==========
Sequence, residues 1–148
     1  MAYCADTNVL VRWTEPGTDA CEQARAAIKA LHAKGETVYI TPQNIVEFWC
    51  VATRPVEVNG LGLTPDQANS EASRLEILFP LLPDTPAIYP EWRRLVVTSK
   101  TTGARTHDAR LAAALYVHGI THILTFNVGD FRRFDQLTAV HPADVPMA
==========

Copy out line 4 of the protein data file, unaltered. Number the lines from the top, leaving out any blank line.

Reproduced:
   101  TTGARTHDAR LAAALYVHGI THILTFNVGD FRRFDQLTAV HPADVPMA